• Is there a Doctor on the Train?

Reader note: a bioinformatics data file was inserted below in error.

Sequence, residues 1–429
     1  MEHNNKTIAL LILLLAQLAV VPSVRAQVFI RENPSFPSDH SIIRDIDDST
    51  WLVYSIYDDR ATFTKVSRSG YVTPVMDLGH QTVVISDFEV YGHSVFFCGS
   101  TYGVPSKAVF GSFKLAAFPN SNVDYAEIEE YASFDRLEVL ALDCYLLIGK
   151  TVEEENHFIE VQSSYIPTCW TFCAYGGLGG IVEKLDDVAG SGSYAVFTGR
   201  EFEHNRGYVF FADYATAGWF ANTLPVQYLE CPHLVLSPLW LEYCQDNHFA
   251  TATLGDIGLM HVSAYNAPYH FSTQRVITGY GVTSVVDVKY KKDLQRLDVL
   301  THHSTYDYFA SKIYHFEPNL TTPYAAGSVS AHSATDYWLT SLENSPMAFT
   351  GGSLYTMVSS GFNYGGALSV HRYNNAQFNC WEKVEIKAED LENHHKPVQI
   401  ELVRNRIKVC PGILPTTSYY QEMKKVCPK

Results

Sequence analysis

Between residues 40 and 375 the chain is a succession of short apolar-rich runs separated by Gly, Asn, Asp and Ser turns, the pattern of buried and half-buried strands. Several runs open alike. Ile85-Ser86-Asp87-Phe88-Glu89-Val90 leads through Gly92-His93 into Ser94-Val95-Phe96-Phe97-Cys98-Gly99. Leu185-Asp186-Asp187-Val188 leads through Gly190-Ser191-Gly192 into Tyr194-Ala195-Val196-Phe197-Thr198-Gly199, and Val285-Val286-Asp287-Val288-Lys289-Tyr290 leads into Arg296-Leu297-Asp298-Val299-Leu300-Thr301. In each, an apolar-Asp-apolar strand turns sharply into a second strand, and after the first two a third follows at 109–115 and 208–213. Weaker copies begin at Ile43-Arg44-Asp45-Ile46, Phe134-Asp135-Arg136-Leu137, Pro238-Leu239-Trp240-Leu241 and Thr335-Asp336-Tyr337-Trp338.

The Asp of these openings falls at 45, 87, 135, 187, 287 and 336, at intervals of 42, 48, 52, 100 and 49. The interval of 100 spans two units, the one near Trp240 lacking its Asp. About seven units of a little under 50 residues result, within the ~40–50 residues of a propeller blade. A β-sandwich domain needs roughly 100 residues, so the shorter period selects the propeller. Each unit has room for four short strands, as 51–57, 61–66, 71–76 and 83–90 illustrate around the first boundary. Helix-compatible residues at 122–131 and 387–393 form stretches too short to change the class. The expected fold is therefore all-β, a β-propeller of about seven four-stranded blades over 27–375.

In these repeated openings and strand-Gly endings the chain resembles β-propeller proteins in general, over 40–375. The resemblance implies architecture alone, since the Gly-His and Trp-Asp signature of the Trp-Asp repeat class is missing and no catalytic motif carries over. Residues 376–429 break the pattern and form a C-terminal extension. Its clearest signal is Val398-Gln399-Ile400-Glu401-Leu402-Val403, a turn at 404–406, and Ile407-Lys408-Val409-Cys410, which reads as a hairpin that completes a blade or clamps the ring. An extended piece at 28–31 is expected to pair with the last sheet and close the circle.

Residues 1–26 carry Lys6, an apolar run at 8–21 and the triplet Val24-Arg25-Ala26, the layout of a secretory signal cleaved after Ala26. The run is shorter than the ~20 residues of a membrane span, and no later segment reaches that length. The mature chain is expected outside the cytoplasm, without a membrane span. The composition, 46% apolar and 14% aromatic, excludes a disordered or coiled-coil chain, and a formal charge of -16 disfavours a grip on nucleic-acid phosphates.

Duty seems to call, even on vacation. Recently we were on vacation in Europe, specifically Paris and London; After spending 5 days in Paris, we left Paris by train via the Chunnel to London. The train experience was nice and the train must have been going 80 mph. It was a quick 2 1/2 hr. ride. Soon after we left Paris, an announcement over the loudspeaker asked if there was a doctor or nurse on board. I was imagining the worse. I responded by asking the conductor where to go and he pointed to the left and said “car 2”. I got up and quickly, but carefully made my way down the narrow corridor, swaying to and fro, trying not to lean into someone’s lap along the way. I felt as if I was in the movie “Murder on the Orient Express”- a strange American on a train full of French citizens on their way to London. When I reached the car, I noticed 2 women already there, an oriental young female surgeon and a nurse attending to a young thin Indian male in his late 30’s lying down partially on a seat with his back against the window. Being a gynecologist with limited resources on a train, I listened to his miserable story. He was having chest pain since he got on the train and denied any shortness of breath. . He was in Paris getting a second opinion about his aggressive bladder cancer, unusual for such a young man. He had gone thru multiple cystoscopies and chemotherapy, but was obviously having complications with his treatments. He seemed desparate giving us his long tortuous history. All we could do was listen patiently. The young Asian colorectal surgeon listened intensely. We both concluded that this young man’s chest pain was indeed from a musculoskeletal strain from moving his luggage onto the train, and not a heart attack. After reassurance, I swayed back to my seat several cars down and I reflected on how lucky we are to have our health; to be grateful and thankful that we don’t have to worry and agonize about a serious medical condition. I’m no good at being noble, but our perceived problems in life don’t really amount to a hill of beans since you can always run into someone else who has it a hell of a lot worse than we do. I smiled and nodded to my wife as we approached London, delighted to be able to enjoy merry ole England with our health intact.

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